At the core
At the core of the Ticketmaster ticketing software stack is a series of 50+ "Hosts", which are not only the ultimate Source of Record for transactional ticket sales but also simultaneously serve up multiple sources of data to non-transactional components. During major onsales, high ticket demand requires prioritizing the transactional side over select data sources. Likewise, excessive polling of data can drive up loading resources from the transactional side.
To make things even more challenging, all access to these Hosts is achieved using proprietary protocols, which can impact adoption of new micro-service clients based on modern software stacks.
The solution: Offloading the non-transactional functionality of the Hosts into a new real-time Source of Record that was accessible via standard protocols and can be scaled up to handle any amount of load, without impacting ticket sales.
One Solution: Phase 1
Multiple solutions were put into place to combat these issues. This use case will focus on one of them. The first phase involved creating a B2B service that provided a friendly JSON-based ReSTful endpoint for upstream clients while hiding the details of the lower level proprietary protocols. This opened up access to the non-transactional parts of the Host to modern clients that otherwise might have had trouble accessing that data.
This phase didn't alleviate any notable load from the Hosts, though, and so work on the second phase started in earnest.
One Solution: Phase 2
The next phase architecture involved the creation of an In-Memory Data-Grid (IMDG) that stored all applicable data from the Hosts in a scalable store, which was kept up to date in near real time. The original implementation used Apache Geode as the IMDG with Kafka providing the notifications and push updates. This was a scalable solution but the implementation had its own set of problems, primarily that State and Messaging were decoupled - meaning that a lot of development effort was needed to keep the data grid and messaging in sync. And changes proved costly.
The next implementation replaced Apache Geode with deepstream, which became both the object store and the access point for realtime updates. This introduced a number of benefits:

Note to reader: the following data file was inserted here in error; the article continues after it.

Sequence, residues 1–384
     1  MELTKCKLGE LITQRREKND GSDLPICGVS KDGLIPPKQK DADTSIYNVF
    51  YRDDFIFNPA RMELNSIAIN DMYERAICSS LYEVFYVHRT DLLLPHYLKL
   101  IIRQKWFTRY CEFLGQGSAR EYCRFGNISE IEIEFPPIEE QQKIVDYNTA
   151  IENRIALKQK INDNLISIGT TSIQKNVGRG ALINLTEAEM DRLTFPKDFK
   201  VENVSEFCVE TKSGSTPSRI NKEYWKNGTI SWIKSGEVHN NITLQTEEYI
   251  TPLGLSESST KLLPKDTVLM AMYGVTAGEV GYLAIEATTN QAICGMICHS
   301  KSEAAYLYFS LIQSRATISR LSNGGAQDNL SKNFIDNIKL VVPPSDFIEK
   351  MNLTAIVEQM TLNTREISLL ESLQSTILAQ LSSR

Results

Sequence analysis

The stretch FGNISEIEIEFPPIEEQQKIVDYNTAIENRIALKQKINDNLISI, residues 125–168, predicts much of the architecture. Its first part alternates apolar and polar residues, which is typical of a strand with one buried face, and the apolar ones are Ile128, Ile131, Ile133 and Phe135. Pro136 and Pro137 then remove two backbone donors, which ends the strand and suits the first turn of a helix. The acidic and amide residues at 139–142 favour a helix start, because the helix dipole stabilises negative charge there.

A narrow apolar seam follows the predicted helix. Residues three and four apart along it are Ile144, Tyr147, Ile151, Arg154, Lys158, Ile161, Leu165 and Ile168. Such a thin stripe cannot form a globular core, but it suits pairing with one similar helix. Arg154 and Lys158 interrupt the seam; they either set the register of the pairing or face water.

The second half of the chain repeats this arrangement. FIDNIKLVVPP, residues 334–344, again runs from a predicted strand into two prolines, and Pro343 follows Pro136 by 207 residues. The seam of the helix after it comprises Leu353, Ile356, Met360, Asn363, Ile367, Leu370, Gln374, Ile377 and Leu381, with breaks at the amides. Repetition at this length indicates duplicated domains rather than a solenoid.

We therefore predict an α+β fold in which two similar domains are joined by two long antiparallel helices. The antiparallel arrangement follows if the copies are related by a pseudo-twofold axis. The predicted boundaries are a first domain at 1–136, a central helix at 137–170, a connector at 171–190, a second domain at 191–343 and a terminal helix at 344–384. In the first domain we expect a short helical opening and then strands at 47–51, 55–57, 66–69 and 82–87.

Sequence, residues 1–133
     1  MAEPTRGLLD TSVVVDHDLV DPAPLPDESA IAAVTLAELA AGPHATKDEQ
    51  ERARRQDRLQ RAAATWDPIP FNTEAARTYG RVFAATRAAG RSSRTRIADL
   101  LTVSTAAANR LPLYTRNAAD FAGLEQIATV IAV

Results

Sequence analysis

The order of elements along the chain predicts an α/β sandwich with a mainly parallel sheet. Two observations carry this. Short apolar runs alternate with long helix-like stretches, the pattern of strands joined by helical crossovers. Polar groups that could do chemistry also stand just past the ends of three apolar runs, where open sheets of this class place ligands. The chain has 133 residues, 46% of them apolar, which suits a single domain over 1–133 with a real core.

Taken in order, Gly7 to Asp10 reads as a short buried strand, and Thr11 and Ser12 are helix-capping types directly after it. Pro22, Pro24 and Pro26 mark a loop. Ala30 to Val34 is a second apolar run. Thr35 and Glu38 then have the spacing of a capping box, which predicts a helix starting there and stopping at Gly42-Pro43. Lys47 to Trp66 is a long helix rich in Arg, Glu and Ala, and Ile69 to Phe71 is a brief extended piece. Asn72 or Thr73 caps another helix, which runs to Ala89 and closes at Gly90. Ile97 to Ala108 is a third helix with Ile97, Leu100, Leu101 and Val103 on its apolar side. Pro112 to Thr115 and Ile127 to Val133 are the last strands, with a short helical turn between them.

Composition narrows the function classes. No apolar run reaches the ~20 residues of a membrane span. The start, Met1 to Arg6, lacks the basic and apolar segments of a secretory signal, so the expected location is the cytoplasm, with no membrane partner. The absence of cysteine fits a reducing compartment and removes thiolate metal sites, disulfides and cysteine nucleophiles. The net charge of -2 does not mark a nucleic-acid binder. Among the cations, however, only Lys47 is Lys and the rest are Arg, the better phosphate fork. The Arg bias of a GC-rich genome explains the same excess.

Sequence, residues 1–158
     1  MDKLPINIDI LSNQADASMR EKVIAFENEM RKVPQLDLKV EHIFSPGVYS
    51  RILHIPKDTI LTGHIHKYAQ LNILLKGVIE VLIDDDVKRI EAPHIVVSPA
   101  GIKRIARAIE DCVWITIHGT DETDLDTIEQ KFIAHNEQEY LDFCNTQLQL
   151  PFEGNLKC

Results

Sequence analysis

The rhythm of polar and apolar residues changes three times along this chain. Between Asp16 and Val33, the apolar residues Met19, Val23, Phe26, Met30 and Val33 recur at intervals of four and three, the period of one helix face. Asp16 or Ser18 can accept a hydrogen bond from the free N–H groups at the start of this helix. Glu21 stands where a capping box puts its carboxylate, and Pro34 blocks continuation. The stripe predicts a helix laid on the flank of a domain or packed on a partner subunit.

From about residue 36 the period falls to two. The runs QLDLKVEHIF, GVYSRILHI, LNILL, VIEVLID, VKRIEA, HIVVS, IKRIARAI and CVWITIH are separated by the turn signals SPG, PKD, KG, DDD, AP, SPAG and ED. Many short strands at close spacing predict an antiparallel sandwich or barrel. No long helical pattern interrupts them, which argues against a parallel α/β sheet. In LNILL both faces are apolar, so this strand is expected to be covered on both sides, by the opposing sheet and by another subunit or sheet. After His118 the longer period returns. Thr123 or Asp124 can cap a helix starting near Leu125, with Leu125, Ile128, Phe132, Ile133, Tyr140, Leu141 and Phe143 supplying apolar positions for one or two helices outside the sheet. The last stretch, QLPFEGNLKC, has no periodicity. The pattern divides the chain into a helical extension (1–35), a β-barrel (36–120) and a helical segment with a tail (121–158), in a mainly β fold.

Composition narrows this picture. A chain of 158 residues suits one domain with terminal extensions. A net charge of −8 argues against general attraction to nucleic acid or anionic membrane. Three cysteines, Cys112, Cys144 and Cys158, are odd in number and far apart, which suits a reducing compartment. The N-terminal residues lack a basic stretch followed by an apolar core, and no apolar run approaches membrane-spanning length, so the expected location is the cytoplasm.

Dramatically reduced load during transactionally high load cases:
Calls to generate sales reports or to query seat statuses for a real-time Seat Map or scores of other operations that historically would have run in parallel with ticket sales on the Hosts are now accessible directly in deepstream. This is a huge win-win because not only do the data queries become much faster, but Hosts are enabled to sell tickets faster as well when not having to compete for resources.
Reduced complexity and development time through data-sync:
The initial implementation - a separate datastore and messaging - caused a lot of development overhead and complexity as both systems had to be kept in sync and updates from one had to be stored in the other. deepstream solves this using an approach called data-sync: schema-less JSON documents called 'records' that can be manipulated and observed across millions of clients and backend processes simultaneously. Any change is both stored and synchronized across all subscribed endpoints within milliseconds.
This creates a stateful, distributed architecture that updates in realtime. For Ticketmaster, this meant that it could move the data that was previously accessible only in the static Hosts directly into deepstream and stream delta messages from Kafka directly into the grid. This significantly reduced complexity and development effort and created a durable, scalable, fast (in-memory) updating Source of Truth that can be accessed from across the organisation by many clients concurrently. deepstream's scalability allowed high demand access during peak "onsales" without impacting the object store performance or transactional timing.
High availability through dynamic endpoint allocation:
With a constantly growing number of clients, incurring downtime while reconfiguring or extending their systems was simply not an option for Ticketmaster. deepstream allows them to dynamically add new microservices at runtime that provide answers through remote procedure calls, send updates into the cluster and provide active publishing of dynamic subjects as and when they are requested - all without any downtime or need to restart the system.
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